"Finally father found our boat, it was all ready to start and had been waiting for us. How they expected to run in such fog I couldn't see, but when I saw how slow the boat moved, I didn't worry much about collisions. One end of the boat was full of bags of flour, they were heavy canvas, and a cover made of some heavy material was over them. About half the boat had a deck over it. I remember my father had to stoop to get under it. The men didn't exactly seem to like the idea of having a little girl aboard at first, at least I thought so. I couldn't imagine why, but later I imagined it was because they didn't like to swear in the presence of a little girl, and I guess men who worked on those boats couldn't get along without swearing.

"However they made me a fine, comfortable nest among the bags, and they all remembered not to swear for most of the first day. There was a narrow platform running the length of the boat, it had little steps nailed across it so the men could get a firmer footing when they pushed against the poles. The men wore heavy pads on one shoulder, the end of the pole fitted against this. Two men worked at the poles at one time, this kept the boat moving pretty well. One man, his name was "Ras," I never heard his other name, would set his pole well up front, put his shoulder against it and begin walking back along the runway. As the man walked backwards the boat slid ahead, and the one who had just given it a push, walked forward, perhaps waited a few seconds if the boat was moving well, then began his leaning walk back along the little runway.

"It was so very novel and interesting to me, at first it just fascinated me. Frequently `Ras' would pretend to send the water splashing over me with his pole, but he never did. The men were very expert and handled the poles well. Once I saw one of them almost dive headfirst into the river when his pole slipped suddenly. They told me this happened sometimes.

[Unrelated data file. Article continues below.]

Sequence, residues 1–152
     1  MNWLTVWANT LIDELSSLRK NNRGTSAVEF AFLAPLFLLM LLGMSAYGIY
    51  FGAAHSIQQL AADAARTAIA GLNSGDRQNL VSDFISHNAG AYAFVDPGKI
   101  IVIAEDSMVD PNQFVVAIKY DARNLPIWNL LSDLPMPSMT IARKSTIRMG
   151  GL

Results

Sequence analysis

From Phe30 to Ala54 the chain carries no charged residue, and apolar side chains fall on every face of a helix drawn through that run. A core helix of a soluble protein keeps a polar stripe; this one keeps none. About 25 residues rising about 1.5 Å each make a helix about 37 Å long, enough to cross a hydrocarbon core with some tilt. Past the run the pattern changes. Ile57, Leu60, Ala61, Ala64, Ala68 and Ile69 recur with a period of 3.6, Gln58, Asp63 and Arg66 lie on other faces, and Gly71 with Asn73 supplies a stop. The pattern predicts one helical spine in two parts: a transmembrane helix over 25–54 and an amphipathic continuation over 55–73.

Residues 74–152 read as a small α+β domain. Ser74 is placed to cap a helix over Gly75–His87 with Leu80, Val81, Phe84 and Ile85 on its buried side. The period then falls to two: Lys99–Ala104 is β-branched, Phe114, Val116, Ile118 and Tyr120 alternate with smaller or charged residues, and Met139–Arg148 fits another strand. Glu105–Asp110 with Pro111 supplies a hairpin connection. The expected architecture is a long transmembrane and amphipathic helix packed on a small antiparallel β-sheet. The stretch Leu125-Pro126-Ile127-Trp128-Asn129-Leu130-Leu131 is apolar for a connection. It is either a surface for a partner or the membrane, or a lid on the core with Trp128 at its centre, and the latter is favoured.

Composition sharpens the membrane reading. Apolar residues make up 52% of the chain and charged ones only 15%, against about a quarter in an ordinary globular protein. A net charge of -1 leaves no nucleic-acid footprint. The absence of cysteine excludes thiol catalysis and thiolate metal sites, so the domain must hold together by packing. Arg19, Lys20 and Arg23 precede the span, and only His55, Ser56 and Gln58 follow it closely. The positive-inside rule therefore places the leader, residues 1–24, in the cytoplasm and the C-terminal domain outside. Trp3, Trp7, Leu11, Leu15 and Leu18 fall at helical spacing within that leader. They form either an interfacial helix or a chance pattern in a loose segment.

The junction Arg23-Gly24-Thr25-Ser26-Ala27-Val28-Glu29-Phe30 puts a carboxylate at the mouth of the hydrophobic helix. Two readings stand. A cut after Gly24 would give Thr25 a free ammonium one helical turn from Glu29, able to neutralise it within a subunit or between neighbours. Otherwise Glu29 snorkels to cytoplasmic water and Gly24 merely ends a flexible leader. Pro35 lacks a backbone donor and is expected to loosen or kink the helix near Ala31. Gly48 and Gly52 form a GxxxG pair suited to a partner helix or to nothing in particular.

"It was a beautiful sight to see the mist rise off the river. It seemed to lift up bodily and we moved along under it for a little time. It was September and very beautiful weather. It took us quite a while to get up past the large numbers of rafts anchored just above Pittsburgh. Some of these were putting out into the stream and the men saluted us.

"My aunt had given me some cookies in a little basket and I enjoyed these, as it was a long time till we stopped and all went to a house on the riverbank, the polemen and all, and had dinner. Two other passengers joined us there and came on up the river a short way. We made it as far as Logan's Ferry that day, it was getting quite dark when we landed. The crew slept on the boat and my father and I found lodgings in a log house, where there was an old lady who was very kind to me, and asked whether it was tedious business going up the river on a "pole boat." Well, it was tedious business, after the novelty wore off. I dozed a good deal, lying in my nest among the flour sacks. Sometimes the men would be talkative, sometimes they would just walk back and forth, leaning on the poles and pushing the boat along, saying nothing.

"We reached Irvine soon after noon on the ninth day. When the men at the tavern there, learned how quick we had come up the river they would scarcely believe it, then toasted the crew and treated them in the barroom. I was very glad to get off the boat and move about. But I have always been glad I had the experience of riding on a keel boat."

SOURCE:  Page(s) 325-330: Old Time Tales of Warren County; Meadville, Pa.: Press of Tribune Pub. Co., 1932